The morning of Nov. 7 could be a very good day at the downtown D.C. office of the Gay & Lesbian Victory Fund.
Having wrapped up federal, state and local endorsements earlier this month, Victory Fund has put the weight of its coveted endorsements behind a record 180 LGBT candidates across the country in a continued effort to increase LGBT representation at all levels of government.
''On the day after Election Day, will we have real exciting news to share? Yes,'' declares Victory Fund president and CEO Chuck Wolfe. ''We will have potentially our best Election Day ever.''
On the federal level alone, the number of out members of Congress could double from the current four to as many as eight after Election Day. And Wisconsin Rep. Tammy Baldwin (D) could become the first out LGBT person ever elected to the Senate.
Founded in 1991, Victory Fund's influence has increased dramatically in recent years. As the country's largest LGBT political action committee, Victory Fund funnels millions of dollars, as well as strategic and technical support, into races across the country, having helped elect thousands of qualified, out LGBT candidates over the years.
For almost a decade, Wolfe, 50, has been the man behind Victory. Since taking the reins in 2003, Wolfe has increased revenue from $1.5 million to $5 million in 2011. And today, there are out elected officials in all 50 states.
''This year, for the first time in history, we have someone elected in every state in the union. It took until 2012 for that to happen,'' says Wolfe.
Despite the high profile federal races Victory Fund has stepped into, including Baldwin's tight race against former Republican Wisconsin Gov. Tommy Thompson, Victory Fund's focus remains largely on the local level where many politicians get their start.
The organization has made nearly 100 endorsements in state legislative races as it continues to build LGBT caucuses in all 50 states. Where Victory Fund has built those caucuses – including in Maryland, Maine, Washington, New York and California – the organization has seen momentous victories for LGBT-rights legislation.
That is not to say Victory Fund's rigorous endorsement process has not come without controversy. Of the eight congressional candidates Victory Fund has endorsed, one is a Republican and what impact his election may or may not have on Capitol Hill has exposed continued riffs between the LGBT community and the GOP.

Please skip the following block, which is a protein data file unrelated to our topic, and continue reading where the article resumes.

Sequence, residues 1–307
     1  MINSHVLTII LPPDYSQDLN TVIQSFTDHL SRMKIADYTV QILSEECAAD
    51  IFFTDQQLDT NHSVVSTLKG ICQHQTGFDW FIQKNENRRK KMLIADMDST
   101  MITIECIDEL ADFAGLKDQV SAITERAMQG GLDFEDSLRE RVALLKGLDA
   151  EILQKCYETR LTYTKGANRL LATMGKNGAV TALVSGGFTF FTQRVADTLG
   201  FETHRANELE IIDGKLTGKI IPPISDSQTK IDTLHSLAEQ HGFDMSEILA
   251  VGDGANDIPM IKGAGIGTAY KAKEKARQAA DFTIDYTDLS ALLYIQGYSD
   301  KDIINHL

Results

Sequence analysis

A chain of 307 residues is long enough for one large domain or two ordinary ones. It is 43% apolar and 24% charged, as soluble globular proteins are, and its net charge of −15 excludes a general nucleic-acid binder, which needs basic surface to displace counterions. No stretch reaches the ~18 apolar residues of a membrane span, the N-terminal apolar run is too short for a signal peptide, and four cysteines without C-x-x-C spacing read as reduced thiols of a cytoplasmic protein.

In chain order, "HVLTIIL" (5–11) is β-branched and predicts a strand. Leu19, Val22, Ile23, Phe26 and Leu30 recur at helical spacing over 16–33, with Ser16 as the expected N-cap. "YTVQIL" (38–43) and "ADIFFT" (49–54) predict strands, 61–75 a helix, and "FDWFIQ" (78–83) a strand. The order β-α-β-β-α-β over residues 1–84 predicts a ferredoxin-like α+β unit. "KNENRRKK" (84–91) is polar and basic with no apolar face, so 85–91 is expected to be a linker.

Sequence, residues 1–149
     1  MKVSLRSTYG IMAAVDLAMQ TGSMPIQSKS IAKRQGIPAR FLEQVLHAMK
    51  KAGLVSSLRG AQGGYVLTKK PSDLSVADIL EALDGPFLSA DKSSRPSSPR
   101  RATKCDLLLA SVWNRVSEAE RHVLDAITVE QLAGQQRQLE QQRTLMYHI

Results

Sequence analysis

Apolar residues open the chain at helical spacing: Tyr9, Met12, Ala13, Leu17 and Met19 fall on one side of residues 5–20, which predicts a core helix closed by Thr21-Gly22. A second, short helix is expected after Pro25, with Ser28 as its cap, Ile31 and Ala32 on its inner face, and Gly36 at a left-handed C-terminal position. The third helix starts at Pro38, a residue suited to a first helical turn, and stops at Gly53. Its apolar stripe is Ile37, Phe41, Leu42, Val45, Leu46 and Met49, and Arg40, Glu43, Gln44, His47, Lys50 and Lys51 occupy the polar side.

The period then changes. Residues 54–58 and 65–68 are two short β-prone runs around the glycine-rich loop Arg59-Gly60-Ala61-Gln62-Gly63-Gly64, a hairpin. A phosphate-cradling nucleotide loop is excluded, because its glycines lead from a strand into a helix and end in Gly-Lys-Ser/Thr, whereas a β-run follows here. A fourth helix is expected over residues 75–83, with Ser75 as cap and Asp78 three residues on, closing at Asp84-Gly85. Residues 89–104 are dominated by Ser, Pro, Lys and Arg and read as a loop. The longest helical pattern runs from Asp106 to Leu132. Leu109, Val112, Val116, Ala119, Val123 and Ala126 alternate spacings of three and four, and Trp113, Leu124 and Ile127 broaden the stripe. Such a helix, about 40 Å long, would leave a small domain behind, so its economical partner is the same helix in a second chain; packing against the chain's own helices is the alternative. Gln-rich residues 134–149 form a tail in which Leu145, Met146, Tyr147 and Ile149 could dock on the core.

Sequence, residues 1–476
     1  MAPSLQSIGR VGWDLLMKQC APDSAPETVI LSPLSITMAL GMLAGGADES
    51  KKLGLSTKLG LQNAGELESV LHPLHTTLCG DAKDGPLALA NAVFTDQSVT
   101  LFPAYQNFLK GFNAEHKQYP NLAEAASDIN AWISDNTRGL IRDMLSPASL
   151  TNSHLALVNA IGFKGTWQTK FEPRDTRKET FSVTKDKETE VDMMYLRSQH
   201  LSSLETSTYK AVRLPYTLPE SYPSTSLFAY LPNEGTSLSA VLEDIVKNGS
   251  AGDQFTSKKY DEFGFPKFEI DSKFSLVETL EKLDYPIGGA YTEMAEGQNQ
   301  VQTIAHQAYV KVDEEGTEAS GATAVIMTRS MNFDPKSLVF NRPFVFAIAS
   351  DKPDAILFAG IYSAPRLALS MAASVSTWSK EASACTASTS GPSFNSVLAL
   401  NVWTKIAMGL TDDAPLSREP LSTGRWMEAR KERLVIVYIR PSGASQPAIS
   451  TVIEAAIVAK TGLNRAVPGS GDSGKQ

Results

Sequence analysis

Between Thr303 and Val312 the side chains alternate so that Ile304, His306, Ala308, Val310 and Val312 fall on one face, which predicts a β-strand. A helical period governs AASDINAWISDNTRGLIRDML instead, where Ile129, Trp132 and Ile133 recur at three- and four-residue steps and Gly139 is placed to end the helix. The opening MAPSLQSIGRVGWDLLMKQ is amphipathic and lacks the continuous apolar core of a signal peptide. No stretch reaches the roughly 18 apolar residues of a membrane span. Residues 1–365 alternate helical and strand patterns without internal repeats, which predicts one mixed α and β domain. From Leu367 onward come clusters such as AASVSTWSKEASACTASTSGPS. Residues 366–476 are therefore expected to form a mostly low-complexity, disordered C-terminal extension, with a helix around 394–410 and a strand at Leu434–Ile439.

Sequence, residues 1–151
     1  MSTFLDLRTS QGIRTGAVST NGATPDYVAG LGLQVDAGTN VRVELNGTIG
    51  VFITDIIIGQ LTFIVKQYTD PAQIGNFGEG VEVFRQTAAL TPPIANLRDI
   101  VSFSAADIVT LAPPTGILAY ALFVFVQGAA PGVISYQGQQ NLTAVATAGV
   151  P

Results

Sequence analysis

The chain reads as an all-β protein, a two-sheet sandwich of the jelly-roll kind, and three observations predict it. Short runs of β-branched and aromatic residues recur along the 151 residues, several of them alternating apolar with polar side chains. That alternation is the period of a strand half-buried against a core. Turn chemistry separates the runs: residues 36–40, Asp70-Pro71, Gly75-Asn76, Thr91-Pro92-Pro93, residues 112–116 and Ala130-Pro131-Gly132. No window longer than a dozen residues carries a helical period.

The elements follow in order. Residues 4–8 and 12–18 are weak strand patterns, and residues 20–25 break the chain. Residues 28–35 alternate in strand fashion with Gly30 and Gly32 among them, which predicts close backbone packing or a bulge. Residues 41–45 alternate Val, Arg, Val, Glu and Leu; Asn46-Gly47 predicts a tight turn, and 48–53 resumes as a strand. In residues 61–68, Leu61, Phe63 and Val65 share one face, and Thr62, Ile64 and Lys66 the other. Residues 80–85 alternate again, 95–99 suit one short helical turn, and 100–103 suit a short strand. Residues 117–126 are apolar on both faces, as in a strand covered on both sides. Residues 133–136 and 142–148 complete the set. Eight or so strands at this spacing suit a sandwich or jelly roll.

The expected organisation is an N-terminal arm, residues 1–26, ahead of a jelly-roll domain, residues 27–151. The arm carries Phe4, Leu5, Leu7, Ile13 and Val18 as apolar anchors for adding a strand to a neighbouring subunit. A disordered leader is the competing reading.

Richard Tisei is an out gay Republican who has served in the Massachusetts State Legislature for 26 years and would be the first out gay Republican elected to Congress as a non-incumbent. He supports marriage equality, is pro-choice and repudiated the Republican Party's socially conservative national party platform in September.
Despite his party affiliation in a heavily Democratic state, Tisei's candidacy has been propelled by his moderate social views and long history in the state. Moreover, he's garnered the support of much of the Republican establishment in his efforts to unseat Democratic Rep. John Tierney, who has represented Massachusetts's 6th District since 1997.
Republican Massachusetts Sen. Scott Brown – engaged in his own high-profile race against Elizabeth Warren, who hopes to reclaim the seat once occupied by Sen. Ted Kennedy for the Democrats – has campaigned for Tisei, as has House Speaker John Boehner (R-Ohio). Although both men oppose marriage equality, they have been emphatic in their support of Tisei.
Victory Fund's decision to endorse Tisei isn't all that surprising. As a nonpartisan organization whose sole mission is to achieve equality through representation on both sides of the aisle, Tisei is just the kind of candidate they have long supported.
''With an openly gay candidate in the race who is completely viable with 26 years of history inside the Massachusetts Legislature, there's no doubt we're going to endorse someone like Richard Tisei,'' says Wolfe. ''Our belief is, if you're trying to build a representative democracy, that instead of just giving it lip service, you actually do it.''
While gay voters have long been more inclined to vote Democratic than Republican, that is not to say that trend is not changing.
A poll released by Logo TV earlier this summer found that 26 percent of LGBT voters would consider supporting a Republican if the party more closely mirrored the stances of the Democratic Party on gay issues.
Tisei appears to be one of those Republicans.